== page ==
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PROGEST - Production of prosodic prominence: integrating bodily and articulatory gestures

The aim of this project is to increase our understanding of how bodily gestures such as hand strokes, head nods and eyebrow movements interact with articulatory movements of the tongue and jaw and the acoustic speech signal to convey prominence. The project is a collaboration between KTH, Linnaeus University and Lund University.

An essential function of prosody in spoken interaction is to highlight important words and phrases and make them more prominent. In recent years, we have begun to understand prosodic prominence as a multimodal phenomenon, composed of verbal and visual prominence markers. Verbal prominence markers are typically identified as sentence-level pitch accents. Bodily gestures such as hand strokes, head nods and eyebrow movements are often aligned with a pitch accent and function as visual markers of prominence. The prominent word itself is often given stronger articulatory gestural movements resulting in both acoustic prominence (louder and longer) and visual prominence (greater movements of the lips and jaw). This project aims at investigating whether and how these different types of prominence markers interact and possibly influence each other. Three types of speech data are being analysed: read television news, unrestricted spontaneous speech and controlled experimental recordings in which motion capture and electromagnetic articulography are used for recording movements of the hands, head, the eyebrows, and the articulators (lips, tongue, jaw). The results will be formulated in terms of a model of multimodal speech production, which will have implications for our general understanding of how speech and gestures are planned and coordinated by the speaker. It will also enable better modeling of speech and gestures in such speech applications as robots and avatars.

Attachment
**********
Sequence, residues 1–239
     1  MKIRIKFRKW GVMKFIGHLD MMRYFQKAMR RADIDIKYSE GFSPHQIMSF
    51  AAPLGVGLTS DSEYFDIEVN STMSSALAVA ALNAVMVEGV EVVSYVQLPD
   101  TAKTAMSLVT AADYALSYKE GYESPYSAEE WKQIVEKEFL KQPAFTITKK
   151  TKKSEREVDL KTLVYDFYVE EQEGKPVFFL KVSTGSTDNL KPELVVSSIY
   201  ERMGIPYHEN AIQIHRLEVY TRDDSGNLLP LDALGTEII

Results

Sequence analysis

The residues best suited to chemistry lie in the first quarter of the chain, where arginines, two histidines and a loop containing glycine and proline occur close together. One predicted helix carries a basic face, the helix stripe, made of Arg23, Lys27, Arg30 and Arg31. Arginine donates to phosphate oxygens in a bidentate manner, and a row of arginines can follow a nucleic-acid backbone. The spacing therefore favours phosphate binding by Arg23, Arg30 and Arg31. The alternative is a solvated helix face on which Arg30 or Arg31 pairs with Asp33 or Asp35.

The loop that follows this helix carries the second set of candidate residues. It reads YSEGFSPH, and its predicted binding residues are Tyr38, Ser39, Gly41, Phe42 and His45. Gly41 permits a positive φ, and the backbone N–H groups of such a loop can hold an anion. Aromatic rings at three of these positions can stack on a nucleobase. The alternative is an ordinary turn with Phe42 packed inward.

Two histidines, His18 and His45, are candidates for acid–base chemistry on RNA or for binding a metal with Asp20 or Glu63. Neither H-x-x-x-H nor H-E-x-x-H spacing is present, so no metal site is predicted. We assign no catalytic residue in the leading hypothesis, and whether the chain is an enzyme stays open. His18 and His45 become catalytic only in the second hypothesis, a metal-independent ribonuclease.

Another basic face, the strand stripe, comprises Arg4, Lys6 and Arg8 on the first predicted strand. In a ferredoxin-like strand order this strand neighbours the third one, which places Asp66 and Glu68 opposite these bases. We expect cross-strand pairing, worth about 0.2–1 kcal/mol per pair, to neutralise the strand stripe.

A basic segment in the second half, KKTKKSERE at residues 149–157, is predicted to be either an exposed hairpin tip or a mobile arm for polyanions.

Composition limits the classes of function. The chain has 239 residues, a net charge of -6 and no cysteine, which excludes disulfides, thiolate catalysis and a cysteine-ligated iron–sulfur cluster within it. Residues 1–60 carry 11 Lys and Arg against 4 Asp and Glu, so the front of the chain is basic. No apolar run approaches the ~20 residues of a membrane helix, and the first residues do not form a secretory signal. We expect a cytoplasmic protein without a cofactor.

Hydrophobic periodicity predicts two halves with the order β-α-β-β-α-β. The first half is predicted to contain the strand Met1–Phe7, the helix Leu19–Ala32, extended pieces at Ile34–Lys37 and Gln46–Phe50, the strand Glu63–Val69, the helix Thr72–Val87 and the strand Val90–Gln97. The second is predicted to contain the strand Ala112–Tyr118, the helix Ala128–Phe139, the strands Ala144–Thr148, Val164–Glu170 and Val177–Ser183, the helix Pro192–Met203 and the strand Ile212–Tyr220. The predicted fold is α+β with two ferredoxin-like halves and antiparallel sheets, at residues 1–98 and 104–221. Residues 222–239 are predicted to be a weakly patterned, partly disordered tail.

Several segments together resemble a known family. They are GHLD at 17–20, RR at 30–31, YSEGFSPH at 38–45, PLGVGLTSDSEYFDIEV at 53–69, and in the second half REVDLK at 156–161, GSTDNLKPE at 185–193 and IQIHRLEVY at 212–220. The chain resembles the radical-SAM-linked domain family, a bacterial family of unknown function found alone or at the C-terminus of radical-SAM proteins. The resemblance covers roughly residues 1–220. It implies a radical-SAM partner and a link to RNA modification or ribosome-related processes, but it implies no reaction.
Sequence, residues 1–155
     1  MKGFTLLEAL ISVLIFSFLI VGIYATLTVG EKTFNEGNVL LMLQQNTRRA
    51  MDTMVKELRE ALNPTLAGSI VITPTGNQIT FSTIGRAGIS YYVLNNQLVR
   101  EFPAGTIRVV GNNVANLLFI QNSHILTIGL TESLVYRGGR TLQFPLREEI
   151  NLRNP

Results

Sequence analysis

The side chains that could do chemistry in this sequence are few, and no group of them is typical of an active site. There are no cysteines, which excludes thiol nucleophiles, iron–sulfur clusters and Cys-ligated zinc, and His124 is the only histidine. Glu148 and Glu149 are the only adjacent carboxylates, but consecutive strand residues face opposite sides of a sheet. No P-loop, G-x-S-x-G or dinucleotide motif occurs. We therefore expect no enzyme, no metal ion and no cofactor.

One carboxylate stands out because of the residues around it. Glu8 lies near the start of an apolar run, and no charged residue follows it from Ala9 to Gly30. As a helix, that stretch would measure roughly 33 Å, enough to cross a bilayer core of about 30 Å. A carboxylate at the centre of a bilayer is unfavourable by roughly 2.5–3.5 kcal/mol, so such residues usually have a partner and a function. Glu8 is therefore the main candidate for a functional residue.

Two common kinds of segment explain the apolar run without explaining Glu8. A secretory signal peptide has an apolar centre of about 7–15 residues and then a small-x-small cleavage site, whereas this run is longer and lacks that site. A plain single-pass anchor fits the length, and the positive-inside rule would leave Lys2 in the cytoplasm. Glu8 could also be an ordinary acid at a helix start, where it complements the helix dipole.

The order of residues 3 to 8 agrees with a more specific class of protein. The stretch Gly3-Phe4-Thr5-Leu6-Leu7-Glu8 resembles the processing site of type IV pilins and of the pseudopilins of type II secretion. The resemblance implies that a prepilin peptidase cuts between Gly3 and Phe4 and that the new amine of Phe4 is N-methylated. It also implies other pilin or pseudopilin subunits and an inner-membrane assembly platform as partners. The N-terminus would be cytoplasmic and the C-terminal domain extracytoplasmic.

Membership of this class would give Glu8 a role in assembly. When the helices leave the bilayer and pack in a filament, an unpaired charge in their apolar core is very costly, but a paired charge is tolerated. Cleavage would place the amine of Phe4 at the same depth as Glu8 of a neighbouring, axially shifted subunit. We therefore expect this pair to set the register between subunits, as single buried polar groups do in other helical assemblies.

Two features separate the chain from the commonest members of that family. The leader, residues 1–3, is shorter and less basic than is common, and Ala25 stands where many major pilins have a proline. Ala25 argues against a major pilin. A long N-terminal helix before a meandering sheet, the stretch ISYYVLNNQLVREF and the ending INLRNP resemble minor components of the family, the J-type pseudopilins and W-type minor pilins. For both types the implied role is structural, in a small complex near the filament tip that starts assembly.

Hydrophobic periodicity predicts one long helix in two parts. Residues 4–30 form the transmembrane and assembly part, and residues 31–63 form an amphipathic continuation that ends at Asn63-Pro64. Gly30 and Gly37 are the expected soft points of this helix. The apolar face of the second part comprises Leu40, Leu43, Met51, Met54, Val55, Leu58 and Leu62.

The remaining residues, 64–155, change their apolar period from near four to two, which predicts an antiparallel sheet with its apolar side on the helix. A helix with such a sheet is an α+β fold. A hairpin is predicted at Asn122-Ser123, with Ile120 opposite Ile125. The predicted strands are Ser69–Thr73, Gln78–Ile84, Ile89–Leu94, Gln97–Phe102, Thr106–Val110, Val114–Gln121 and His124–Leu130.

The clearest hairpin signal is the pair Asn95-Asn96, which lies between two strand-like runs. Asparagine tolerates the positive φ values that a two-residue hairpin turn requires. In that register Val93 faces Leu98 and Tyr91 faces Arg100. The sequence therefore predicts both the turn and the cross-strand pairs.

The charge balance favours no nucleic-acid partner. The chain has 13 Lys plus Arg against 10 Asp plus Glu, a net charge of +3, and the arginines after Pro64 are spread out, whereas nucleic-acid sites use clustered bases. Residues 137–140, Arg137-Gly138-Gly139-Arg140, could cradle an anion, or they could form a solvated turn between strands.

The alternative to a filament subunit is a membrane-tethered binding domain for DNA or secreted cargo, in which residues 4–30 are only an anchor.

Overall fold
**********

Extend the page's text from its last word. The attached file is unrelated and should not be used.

Staff:

Gilbert Ambrazaitis (Linnaeus University)

Johan Frid (Lund University)

Funding: VR (Swedish Research Council) 2017-02140

Duration: 2018-01-01 - 2021-12-31

Page responsible:Web editors at EECS
Belongs to: Speech, Music and Hearing
Last changed: Feb 13, 2020